Fall is in the Air … and the Bugs Know It!

by the Urban Ecology Center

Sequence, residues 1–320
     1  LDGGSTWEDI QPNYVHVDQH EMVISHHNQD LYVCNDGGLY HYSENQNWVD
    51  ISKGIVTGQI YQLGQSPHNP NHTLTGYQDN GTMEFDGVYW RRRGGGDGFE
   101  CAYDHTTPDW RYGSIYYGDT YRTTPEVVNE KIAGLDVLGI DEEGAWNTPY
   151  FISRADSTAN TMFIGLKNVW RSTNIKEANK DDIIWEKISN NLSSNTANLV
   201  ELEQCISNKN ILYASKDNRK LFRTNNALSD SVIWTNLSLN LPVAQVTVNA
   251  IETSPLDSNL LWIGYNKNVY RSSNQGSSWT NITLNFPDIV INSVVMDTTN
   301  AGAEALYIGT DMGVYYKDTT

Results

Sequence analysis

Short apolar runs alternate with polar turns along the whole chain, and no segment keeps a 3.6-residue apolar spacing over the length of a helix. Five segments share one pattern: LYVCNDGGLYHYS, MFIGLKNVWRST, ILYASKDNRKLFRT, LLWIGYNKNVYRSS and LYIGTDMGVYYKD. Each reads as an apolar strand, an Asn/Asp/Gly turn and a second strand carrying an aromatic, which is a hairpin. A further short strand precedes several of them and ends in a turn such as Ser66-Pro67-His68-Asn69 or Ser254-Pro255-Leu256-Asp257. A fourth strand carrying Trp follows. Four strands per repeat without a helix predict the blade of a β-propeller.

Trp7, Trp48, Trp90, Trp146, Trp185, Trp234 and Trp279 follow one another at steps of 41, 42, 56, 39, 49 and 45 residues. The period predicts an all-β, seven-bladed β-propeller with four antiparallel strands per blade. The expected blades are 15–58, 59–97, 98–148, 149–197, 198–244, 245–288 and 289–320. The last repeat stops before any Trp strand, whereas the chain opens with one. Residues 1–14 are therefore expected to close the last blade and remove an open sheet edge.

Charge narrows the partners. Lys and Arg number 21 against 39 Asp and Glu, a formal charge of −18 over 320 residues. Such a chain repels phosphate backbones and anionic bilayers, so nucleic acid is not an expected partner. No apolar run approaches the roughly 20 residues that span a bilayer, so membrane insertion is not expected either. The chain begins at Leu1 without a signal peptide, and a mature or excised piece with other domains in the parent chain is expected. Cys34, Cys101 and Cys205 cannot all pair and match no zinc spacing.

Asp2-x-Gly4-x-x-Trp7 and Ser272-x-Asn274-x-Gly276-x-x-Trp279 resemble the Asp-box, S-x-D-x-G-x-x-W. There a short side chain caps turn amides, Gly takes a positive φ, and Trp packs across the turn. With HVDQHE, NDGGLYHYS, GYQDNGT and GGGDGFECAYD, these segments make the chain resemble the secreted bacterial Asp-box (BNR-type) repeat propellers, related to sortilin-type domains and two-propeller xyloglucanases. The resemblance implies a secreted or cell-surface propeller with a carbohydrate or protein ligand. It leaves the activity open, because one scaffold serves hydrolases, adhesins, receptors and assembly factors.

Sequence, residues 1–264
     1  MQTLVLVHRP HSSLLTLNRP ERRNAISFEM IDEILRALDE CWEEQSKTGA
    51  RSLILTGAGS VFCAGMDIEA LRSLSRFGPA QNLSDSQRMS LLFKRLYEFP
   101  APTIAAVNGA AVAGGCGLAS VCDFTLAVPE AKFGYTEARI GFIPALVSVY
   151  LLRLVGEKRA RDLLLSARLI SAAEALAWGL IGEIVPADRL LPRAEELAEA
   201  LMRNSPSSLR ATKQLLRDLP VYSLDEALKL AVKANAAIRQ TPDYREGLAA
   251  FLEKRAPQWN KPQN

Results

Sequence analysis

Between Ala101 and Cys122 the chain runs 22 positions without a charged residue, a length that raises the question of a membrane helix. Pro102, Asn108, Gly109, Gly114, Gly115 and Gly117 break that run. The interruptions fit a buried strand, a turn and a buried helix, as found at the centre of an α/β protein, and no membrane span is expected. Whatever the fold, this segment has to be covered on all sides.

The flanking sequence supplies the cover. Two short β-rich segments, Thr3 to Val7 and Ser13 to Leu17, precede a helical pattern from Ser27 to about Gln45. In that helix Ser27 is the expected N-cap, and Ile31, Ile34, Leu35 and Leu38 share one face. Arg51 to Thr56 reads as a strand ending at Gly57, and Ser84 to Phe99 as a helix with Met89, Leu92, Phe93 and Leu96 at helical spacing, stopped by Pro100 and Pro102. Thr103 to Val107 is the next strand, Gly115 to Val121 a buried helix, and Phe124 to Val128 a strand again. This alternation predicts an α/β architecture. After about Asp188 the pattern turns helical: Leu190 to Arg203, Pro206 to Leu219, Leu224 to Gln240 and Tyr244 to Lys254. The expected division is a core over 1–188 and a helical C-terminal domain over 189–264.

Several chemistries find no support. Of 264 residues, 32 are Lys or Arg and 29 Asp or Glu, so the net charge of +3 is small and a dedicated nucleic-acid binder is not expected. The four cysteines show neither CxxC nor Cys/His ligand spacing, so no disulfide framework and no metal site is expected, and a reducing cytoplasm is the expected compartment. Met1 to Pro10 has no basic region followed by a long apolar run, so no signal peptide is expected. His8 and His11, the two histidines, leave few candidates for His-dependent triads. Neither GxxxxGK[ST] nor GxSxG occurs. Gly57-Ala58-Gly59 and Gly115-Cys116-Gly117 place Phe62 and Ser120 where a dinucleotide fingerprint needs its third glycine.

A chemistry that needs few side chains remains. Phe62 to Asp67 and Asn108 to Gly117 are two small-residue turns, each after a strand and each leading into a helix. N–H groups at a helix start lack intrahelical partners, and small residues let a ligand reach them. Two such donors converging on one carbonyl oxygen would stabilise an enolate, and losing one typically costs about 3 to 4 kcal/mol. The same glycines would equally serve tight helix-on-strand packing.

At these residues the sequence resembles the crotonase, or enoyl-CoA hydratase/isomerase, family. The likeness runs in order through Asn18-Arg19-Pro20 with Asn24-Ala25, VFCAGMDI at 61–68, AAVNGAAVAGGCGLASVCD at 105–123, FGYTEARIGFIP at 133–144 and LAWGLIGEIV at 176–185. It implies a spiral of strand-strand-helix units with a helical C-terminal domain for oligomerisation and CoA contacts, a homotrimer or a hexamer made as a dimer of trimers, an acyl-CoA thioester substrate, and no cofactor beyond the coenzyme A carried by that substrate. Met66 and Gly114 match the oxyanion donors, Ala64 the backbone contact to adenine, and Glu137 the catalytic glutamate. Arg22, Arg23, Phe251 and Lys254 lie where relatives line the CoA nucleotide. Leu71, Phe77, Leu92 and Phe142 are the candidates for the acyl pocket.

The cooler air at night, slow changing color of the leaves, and the shortening day length, all are subtle cues that winter is coming. If you are really observant, you may notice that some of the animals around us have also noticed the approaching winter. One group of animals that definitely makes their presence known are the wasps, hornets and yellowjackets. Many people confuse these different insects since they look a lot alike. All three tend to be social and several species (the vespids) are known for making paper nests of various shapes and sizes. The terms “hornet” and “yellowjacket” are common names that apply loosely to a number of the vespids that build these paper nests and have abdomens with yellow and black markings. Another rule of thumb is that hornets build nests above ground and yellowjackets underground. All three are in the order Hymenoptera, which includes bees, wasps and ants. Basically, wasps can be differentiated by how they hold their wings at rest (should you get that close to them). They tend to hold their wings out to the sides while hornets and yellowjackets hold their wings over the back. The reason that we see more wasps and hornets in the late fall is that the colonies of these insects are changing. By late summer, the size of the colony reaches its peak and the queen ceases laying eggs. The female workers no longer have young to feed and begin spending less time at the hive. As a result, these workers begin to look for food such as fallen, over-ripe fruit and other sweet liquids including your soda. No one really knows why this change occurs. The end result is that, depending on the summer, there could be a lot of hornets and yellowjackets around. As most people are aware, these insects have a very painful sting and can sting repeatedly. When one of these insects is flying around you, it is recommended that you gently “shoo” it away. Do not swat at it or run away. If you are drinking a sweet drink, make sure that it is covered so that you do not take a drink with one of these insects in the can. It is also a good idea to stay away from garbage cans that tend to attract them. If you are interested in learning more about these fascinating insects, check out the book and websites listed at right. Hopefully, you now have a greater appreciation for these wonderful creatures, and can be more understanding when they want a sip of your Coke at a fall picnic. Learn More! Stokes Nature Guides: A Guide to Observing Insect Lives Donald Stokes Ohio State Extension: Young Entomological Society Resource/Information Website: Young Entomological Society Website: Riverwest Currents – Volume 1 – Issue 8 – September 2002